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Joint Center Labor Day News

In August, we explored the implications of labor data on the Black community, put the finishing touches on our soon-to-be-released diversity among U.S. House staff report, honored advocate and Joint Center supporter Ron Dellums, and more.In August, we explored the implications of labor data on the Black community, put the finishing touches on our soon-to-be-released diversity among U.S. House staff report, honored advocate and Joint Center supporter Ron Dellums, and more.

Economic Studies: Future of Work
Joint Center Organizes Discussion of Black Job Numbers: Howard University’s Dr. Bill Spriggs, workforce expert René Bryce-Laporte, and the Joint Center’s Harin Contractor analyzed the impact of last month’s job numbers on Black communities. Despite lower unemployment, many Black workers remain disconnected from the workforce Read the blog here. Go to @JointCenter at 8:30 am on Friday, Sept. 7 when the Labor Department releases job numbers to follow the next conversation in real time.

Joint Center Speaks at 2018 National Urban League Conference:Joint Center President Spencer Overton joined the panel “Equity By Design: Educating and Supporting the 21st Century Workforce” with Black Educators Rock CEO Dr. Melissa Chester, Kapor Center Research Chief Dr. Allison Scott, ProMedica’s John Jones, LinkedIn’s Jacqueline Jones, Per Scholas Columbus’s Toni Cunningham, and IncluDe CEO Kristen Ransom. Read the blog here.

Joint Center’s Harin Contractor Appointed to Lead FCC Diversity Workforce Group: Harin, a member of the Federal Communications Commission Advisory Committee on Diversity and Digital Empowerment, will lead the group’s efforts to examine policy levers that could expand educational and up-skilling opportunities, and other workforce development efforts.

The Washington Informer Covers the Joint Center: The Joint Center’s commitment to increasing workforce development in Black communities was highlighted in coverage of our statement about the Trump Administration’s National Council for the American Worker. Story here.
In August, the Joint Center Analyzed Summer Employment for Black Youth. Harin found that the number of Black youth in the summer workforce remained stagnant, even though summer youth employment overall rose.More here.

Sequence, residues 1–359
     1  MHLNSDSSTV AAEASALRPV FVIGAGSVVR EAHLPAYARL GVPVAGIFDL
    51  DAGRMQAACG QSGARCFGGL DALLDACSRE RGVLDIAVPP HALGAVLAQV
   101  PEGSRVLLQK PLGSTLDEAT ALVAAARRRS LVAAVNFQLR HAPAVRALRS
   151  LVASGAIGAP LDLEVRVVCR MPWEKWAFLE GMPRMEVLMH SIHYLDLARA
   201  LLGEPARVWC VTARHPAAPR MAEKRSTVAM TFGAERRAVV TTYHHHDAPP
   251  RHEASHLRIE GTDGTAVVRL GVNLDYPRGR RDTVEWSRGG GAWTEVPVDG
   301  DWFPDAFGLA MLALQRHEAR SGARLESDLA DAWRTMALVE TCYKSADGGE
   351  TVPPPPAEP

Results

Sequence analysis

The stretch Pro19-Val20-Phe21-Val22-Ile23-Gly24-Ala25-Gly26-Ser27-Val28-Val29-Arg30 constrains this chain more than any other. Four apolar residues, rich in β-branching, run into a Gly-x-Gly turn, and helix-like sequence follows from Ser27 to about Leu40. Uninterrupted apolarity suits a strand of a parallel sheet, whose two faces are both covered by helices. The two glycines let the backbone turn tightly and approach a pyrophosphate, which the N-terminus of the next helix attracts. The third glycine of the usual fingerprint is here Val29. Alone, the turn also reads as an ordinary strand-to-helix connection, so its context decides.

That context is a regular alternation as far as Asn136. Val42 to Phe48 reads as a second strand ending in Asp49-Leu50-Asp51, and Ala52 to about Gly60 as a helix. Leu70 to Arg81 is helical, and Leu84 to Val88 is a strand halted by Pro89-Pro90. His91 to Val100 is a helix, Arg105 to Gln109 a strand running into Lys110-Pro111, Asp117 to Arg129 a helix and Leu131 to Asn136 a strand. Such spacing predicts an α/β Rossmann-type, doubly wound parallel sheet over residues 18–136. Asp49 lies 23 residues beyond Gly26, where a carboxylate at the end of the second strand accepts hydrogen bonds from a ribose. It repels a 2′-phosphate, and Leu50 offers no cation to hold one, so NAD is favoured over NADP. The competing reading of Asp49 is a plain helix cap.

Opportunity@Work CEO Byron Auguste busts through myths about the so-called “skills gap,” including not enough college grads, not enough STEM, and not enough salary. Read it here.

Comcast Released an Update on its Internet Essentials Program for Low-income Families: The program aims to connect the unconnected and provide greater access to broadband used for academic and job seeking purposes. The program has connected six million low-income Americans to high-speed internet, and distributed 85,000 affordable subsidized computers. Eighty percent of the program’s customers are people of color. Read it here.

Universal Basic Income (UBI) was discussed on Trevor Noah’s “Daily Show” when the New Yorker’s Annie Lowrey appeared as a guest to promote her book Give People Money.Watch it here. At an April Joint Center event, economist William “Sandy” Darity observed that UBI might cause private sector employers to keep wages low since UBI would subsidize their employees’ income. In contrast, Dr. Darity noted that a federal jobs guarantee could increase wages by causing the private sector to compete for talent.
Political Studies: Congressional Staff Diversity

Joint Center Prepares to Release Report on Diversity Among Top U.S. House Staff: In August, the Joint Center’s Don Bell met with several House offices to provide a preview and get feedback. The report will be released in September.

U.S. Senate Loses Only Black Communications Director: An outstanding communications director and a good friend of the Joint Center, Darrell “D.J.” Jordan, announced that he was leaving the office of Senator James Lankford (R-OK) to join a public relations firm. There are now only six African Americans in top positions in DC Senate offices—three work for Republicans, and three for Democrats. While African Americans account for over 13 percent of the U.S. population, they now account for only 1.8 percent of Senate top staff.More here.

Black Women’s Congressional Alliance (BWCA) Celebrates Communications Professionals: On August 21, the Alliance hosted a mixer at the Raben Group celebrating women in communications. Honorees included individuals from the private sector, advocacy world, and the civil rights community.

Monica Garcia has become Deputy Communications Director in office of U.S. Senator Catherine Cortez Masto (D-NV). Garcia previously served as Deputy Director of Communications at the Latino Victory Fund.Details here.

Think Tank Round UpConnor Maxwell at the Center for American Progress (CAP) wrote that Supreme Court nominee Brett Kavanaugh threatens the right to vote. Full text here.

Several Brookings scholars recognized the one-year anniversary of the 2017 White supremacist march in Charlottesville. Camille Busette and Vanessa Williamson explained Charlottesville demonstrated America’s failure to address the brutal legacy of slavery. Nicol Turner-Lee argued that we need another Kerner Commission. Rachel Barker and Alan Berube argue that lasting change in cities requires not just the removal of Confederate moments, but also tackling deep, structural barriers reflected in segregation, limited opportunity, and continued discrimination.

The Center of American Progress’ Aastha Uprety and Danyelle Solomon wrote about combating hate, particularly White nationalism, in the digital space. The piece calls for platforms to do a better job implementing terms of use that ensure users promote transparency and accountability, and do not engage in promoting hate. Full piece here.